Dance review: Jurrungu Ngan-ga, Adelaide Festival

Marrugeku take the the subversive forces of resistance that belong to the most oppressed and transform them into something beautiful.

Jurrungu Ngan-ga is the latest work by Broome/Sydney-based intercultural dance theatre company Marrugeku. The show makes a compelling link between the treatment of Indigenous Australians and asylum seekers in terms of their incarceration, brutalisation and deaths while in detention.  

The title means ‘straight talk’ – a Yarawu concept that refers to direct and honest communication between family members. In the context of the show this takes the form of a frank and fearless conversation between Indigenous, refugee and settler populations, trans and CIS gendered subjects, prisoners and guards, performers and audience.

The work is informed by a similar process of ‘straight talk’ between creatives, performers and cultural dramaturgs. The latter include Yarawu elder and senator Patrick Dodson; Kurdish Iranian journalist, writer and former asylum seeker Behrouz Boochani (who was detained on Manus Island for five years); and Iranian-Australian philosopher and activist Omid Tofighian, who co-translated Boochani’s book No Friend But The Mountains (which was based on text messages from Manus Island). This book is one of two departure-points for Jurrungu Ngan-ga; the other is Australia’s Shame, the Four Corners documentary about the torture of Indigenous youths at Don Dale Youth Detention Centre in the Northern Territory that was broadcast on the ABC in 2016.

Most of the scenarios in Jurrungu Ngan-ga have been developed through improvisation. Nevertheless these clearly allude to scenes and images of Manus or Don Dale. Visual artist Abdul-Rahman Abdullah’s simple and devastatingly effective set features a towering cage-like fence or wall of perforated metal that also serves as a projection surface, with a doorway that opens and slams shut, and a surveillance camera mounted high up in the centre of the fence that the performers frequently interact with, turning their backs to the audience while large scale projections of their images stare or talk back at us.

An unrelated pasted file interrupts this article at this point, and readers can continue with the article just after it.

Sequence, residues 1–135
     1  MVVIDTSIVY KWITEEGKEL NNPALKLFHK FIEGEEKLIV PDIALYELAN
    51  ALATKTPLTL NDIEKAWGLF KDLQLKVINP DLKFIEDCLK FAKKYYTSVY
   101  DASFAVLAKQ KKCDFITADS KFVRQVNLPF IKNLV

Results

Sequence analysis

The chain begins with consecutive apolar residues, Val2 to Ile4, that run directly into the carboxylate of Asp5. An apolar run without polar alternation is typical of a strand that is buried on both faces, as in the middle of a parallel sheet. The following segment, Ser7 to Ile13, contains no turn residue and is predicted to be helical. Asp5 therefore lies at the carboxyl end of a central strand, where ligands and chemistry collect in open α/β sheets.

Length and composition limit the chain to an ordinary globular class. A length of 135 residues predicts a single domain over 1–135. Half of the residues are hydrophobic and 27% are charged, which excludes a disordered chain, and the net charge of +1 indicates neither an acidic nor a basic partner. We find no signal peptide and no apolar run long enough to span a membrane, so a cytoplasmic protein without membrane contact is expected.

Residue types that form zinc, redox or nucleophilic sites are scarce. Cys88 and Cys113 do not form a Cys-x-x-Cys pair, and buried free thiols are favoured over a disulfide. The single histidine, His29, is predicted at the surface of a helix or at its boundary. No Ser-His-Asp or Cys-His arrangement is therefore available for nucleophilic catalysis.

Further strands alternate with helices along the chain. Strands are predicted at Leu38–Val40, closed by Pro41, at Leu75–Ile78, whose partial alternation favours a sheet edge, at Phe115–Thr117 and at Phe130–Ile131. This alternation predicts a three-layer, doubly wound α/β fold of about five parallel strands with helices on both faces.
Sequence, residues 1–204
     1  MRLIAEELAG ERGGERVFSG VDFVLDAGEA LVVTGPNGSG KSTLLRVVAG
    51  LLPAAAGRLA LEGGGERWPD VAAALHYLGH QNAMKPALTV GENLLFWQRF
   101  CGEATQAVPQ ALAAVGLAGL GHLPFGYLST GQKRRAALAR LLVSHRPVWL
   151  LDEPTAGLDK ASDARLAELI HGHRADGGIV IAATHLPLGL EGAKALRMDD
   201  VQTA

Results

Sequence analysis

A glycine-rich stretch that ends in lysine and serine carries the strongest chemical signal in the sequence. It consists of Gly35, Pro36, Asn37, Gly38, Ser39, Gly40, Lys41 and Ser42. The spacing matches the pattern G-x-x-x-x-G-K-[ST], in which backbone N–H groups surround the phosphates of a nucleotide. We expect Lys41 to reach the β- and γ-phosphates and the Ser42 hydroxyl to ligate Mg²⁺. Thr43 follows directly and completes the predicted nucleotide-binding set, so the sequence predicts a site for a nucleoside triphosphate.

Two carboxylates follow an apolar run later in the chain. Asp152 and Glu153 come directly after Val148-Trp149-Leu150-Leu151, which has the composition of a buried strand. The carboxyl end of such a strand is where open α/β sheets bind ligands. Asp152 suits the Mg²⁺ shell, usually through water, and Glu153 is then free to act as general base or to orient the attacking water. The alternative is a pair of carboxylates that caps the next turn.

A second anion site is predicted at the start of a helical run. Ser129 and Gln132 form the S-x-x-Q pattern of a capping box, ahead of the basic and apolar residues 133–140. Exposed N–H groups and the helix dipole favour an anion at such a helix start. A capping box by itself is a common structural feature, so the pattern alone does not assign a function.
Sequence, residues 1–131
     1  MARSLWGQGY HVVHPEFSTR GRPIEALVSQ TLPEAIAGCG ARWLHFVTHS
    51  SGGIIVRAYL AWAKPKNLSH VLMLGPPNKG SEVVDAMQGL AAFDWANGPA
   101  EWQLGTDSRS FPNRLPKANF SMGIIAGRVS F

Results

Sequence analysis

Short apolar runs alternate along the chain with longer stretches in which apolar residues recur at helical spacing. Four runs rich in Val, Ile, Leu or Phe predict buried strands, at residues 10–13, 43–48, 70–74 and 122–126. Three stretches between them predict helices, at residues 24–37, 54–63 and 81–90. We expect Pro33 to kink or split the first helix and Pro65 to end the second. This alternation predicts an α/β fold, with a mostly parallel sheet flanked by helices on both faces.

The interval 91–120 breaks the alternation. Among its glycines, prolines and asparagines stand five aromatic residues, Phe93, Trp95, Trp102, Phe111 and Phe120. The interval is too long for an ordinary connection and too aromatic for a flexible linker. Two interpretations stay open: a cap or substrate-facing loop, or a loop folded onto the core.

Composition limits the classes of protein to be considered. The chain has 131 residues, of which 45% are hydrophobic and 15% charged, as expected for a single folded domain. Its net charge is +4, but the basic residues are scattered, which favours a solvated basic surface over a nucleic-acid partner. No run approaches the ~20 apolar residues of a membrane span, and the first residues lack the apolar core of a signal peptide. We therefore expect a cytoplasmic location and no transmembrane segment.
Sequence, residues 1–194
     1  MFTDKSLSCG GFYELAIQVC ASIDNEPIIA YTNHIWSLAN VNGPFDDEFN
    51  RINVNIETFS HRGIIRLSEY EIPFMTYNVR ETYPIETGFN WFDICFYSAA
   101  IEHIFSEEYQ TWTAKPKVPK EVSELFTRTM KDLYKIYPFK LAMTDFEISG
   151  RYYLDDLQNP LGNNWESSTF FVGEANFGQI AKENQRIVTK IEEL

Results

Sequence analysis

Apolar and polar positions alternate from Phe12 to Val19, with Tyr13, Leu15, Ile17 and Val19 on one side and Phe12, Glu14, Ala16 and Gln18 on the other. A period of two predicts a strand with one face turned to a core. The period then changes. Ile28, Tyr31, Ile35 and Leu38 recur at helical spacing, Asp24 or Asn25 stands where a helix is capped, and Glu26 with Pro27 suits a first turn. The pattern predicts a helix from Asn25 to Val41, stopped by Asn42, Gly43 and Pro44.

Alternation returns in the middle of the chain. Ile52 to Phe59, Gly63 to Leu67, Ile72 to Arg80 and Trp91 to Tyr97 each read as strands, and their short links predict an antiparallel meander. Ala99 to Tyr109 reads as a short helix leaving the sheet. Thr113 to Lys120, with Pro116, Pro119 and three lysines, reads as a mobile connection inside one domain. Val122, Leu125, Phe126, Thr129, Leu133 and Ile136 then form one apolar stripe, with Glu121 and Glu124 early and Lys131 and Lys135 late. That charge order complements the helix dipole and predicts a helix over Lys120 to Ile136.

Downstage of the fence, huge brightly lit chandeliers are lowered and raised above the otherwise bare stage: obscene signifiers of wealth and power juxtaposed with the poverty and deprivation signified by the rest of the set.

Andrew Treloar’s costumes are a ragtag mishmash of ‘found’ items like tracky pants, footy shorts, sweatshirts and tank tops, with a few creative adornments like baseball caps and chiffon slips. Sound is also crucial to the evocation of place and atmosphere, and includes mechanical noises, walkies-talkies, barking dogs and tropical birds. There are also pounding dance tracks by composers Sam Serruys, Paul Charlier and Rhyan Clapham (aka DOBBY), and a haunting song by Kurdish Iranian singer Farhad Bandesh.

The heart and soul of the show however is provided by the powerhouse ensemble of First Nations, Filipino, Palestinian and Anglo-Celtic Australian performers, each of whom brings their own unique skillset and personality in equal measure to the show.

Music review: Messa da Requiem, Adelaide Festival

Memorable sequences include a Don Dale/Dylan Voller-like scene featuring Wiradjuri performer Chandler Connell manically pacing inside an invisible cell, punctuated by outbursts of furious dancing or yelling at the security camera; and Australian-Filipinx trans performer Bhenji Ra telling the story of the suicide of one of her Vogue ‘mothers’, and then beginning a Voguing routine while leading a group chant of the names of Indigenous people and refugees who’ve died in custody.

This leads directly into a climactic ‘krump army’ sequence, in which all the performers take turns to climb on a table and do their own wild dance solos, embodying the resistance and freedom that defies all systems of domination and subjugation.

Marrugeku has developed a unique form of dance theatre inspired by the work of Alain Platel and Pina Bausch. In doing so they’ve conjured up a form of ‘horrific surrealism’ that reminds me of Kafka. More vitally though, they’ve enlisted the subversive forces of resistance and creativity that belong to the most oppressed communities in our society and transformed them into something powerful and beautiful.

Jurrungu Ngan-ga [Straight Talk]
Marrugeku at Adelaide Festival
Concept: Dalisa Pigram and Rachael Swain with Patrick Dodson
Choreography: Dalisa Pigram with the performers
Direction: Rachael Swain
Performance Dramaturgy: Hildegard de Vuyst
Cultural Dramaturgy: Behrouz Boochani, Patrick Dodson, Omid Tofighian
Co-devising Performers: Czack (Ses) Bero, Emmanuel James Brown, Chandler Connell, Luke Currie-Richardson, Issa el Assaad, Zachary Lopez (previous), Macon Escobal Riley (present), Bhenji Ra, Feras Shaheen, and Miranda Wheen.

Dunstan Playhouse, Adelaide Festival Centre
10-12 March 2023

Wolfgang von Flügelhorn is a writer and critic based in Perth.